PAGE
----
For a Fortune 1000 company today, it is easy to be casual about Scope 3 emissions. When it comes to measurement guidance, the World Resources Institute (WRI) and the World Business Council for Sustainable Development (WBCSD) GHG Protocol considers the quantification of Scope 3 emissions as optional when preparing an overall corporate GHG inventory.
As for current or pending regulation, it is unlikely that companies will be held accountable for their Scope 3 emissions (for example, see EPA Climate Leaders guidance). And when it comes to reputation, it is understandable that companies choose to ignore a category that typically represents an exponentially larger footprint than their Scope 1 and 2 emissions. Logical decisions all.
But in the aggregate, these decisions have led to three unintended effects: one pedantic, one peculiar and one perilous.
First, the pedantic. Those companies today that do measure and report their Scope 3 emissions tend to pick which activities to include in a piecemeal way (e.g. air travel but not employee commute), based upon the ease of data capture, relevance to brand, or degree of control. This means that, despite the advancements in carbon disclosure, investors and others are forced to compare apples to oranges. While the numerator may look comparable, the hidden denominator (or boundary) varies drastically between companies.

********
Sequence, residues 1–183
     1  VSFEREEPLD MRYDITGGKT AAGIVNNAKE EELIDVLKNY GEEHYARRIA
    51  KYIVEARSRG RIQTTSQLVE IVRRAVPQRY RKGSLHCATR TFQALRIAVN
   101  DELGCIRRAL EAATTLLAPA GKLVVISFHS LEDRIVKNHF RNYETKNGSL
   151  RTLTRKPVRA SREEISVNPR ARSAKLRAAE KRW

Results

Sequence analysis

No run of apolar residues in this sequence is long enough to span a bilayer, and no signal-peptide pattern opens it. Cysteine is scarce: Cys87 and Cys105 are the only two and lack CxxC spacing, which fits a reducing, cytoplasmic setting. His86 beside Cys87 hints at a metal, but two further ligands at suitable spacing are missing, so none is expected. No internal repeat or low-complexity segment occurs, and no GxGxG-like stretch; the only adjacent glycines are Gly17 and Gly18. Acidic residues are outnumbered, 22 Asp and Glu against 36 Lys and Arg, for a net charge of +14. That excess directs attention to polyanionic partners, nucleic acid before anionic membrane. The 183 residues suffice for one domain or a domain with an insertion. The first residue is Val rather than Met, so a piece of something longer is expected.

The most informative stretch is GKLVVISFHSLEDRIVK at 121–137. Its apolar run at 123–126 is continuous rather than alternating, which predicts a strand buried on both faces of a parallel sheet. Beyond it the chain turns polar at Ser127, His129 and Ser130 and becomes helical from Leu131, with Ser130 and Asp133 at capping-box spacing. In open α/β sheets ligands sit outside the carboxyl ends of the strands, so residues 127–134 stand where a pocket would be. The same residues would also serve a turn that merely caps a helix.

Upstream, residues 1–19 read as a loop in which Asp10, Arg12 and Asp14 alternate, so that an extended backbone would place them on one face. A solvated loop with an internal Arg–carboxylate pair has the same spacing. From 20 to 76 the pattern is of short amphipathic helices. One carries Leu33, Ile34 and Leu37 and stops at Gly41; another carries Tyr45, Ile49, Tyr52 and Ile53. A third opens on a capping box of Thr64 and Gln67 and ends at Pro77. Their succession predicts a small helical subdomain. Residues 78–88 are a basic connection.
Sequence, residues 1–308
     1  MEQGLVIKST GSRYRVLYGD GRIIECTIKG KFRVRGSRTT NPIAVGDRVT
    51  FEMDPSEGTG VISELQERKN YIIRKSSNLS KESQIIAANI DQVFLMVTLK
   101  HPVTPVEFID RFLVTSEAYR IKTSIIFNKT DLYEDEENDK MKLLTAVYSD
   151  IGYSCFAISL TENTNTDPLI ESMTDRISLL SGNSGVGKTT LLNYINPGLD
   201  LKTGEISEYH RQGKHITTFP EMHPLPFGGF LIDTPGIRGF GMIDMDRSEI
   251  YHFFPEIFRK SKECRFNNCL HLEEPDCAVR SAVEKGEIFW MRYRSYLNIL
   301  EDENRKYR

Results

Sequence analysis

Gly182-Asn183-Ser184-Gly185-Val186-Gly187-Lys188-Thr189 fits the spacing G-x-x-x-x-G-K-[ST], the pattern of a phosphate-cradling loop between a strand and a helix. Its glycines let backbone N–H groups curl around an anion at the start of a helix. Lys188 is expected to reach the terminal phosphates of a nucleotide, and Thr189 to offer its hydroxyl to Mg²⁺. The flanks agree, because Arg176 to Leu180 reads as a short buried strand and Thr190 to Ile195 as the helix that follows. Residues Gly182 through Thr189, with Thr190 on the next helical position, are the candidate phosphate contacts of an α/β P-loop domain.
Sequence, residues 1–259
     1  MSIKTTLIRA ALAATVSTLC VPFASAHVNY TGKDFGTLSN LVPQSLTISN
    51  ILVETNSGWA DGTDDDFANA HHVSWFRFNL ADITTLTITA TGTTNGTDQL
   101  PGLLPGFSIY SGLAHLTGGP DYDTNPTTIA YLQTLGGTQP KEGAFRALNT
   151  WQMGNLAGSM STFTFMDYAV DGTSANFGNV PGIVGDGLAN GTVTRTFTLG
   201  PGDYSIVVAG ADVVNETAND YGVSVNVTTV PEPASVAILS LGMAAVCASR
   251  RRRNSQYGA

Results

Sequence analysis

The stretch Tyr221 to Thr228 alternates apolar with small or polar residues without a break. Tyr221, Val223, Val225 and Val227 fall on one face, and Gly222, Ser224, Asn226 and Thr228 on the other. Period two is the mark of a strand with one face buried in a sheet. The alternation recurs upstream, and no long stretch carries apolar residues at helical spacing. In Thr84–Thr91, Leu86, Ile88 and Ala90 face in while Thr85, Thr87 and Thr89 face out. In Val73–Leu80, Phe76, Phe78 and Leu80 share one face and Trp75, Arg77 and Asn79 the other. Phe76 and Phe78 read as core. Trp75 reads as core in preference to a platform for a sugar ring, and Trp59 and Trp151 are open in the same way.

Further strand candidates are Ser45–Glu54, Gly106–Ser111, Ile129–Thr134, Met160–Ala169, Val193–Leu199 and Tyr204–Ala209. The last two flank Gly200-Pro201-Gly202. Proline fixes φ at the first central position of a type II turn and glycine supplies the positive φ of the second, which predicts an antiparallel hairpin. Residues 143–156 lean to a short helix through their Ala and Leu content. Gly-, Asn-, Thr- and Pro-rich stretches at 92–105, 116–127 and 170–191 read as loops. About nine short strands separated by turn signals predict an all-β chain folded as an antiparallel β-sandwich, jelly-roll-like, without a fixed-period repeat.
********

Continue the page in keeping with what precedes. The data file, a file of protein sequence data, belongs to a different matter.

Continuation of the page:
Secondly, the peculiar. When examined with fresh eyes, carbon reporting by most companies today actually ignores the core activity of the business. News Corp does not include newsprint production or delivery in their footprint, Dell does not include hardware production, delivery or use, and Yahoo does not include data servers. But what is News Corp without a newspaper, Dell without a laptop, or Yahoo without computing power? And these three companies are viewed as leaders in the space. If you looked at the carbon footprint of most major companies, you’d think they were simply a collection of office buildings. It is beginning to look even more imbalanced as companies tout the carbon-reduction potential of their products in the hands of the consumer, but choose to underplay the carbon-intensive impacts of their products as they’re manufactured, assembled, and delivered.
Third, the perilous. While at ground level it may seem critical to slice carbon accountability the right way, at the atmospheric level, what matters most is swiftness. With atmospheric levels of greenhouse gas reaching 450ppm (see Potsdam Institute for Climate Impact), we have already emitted, in absolute terms, enough to achieve a 2°C rise – or what scientists and policy-makers consider the threshold point for long-term irreversible climate change (see UNDP Human Development Report 2008). While we quibble with accounting models and intensity metrics, the rising absolute level of emissions continues to lock us into greater levels of climatic change. Because the majority of emissions are not currently included in corporate Scope 1 and 2 reporting (see CDP 2008), Scope 3 emissions have become the atmospheric deal breaker.
These challenges suggest the need for an approach to carbon attribution that is a) consistent and therefore comparable for investors, b) balanced in its approach to drawing boundaries upstream and downstream, and c) swift in its development and implementation. To achieve this, I see two essential steps for policy-makers and companies.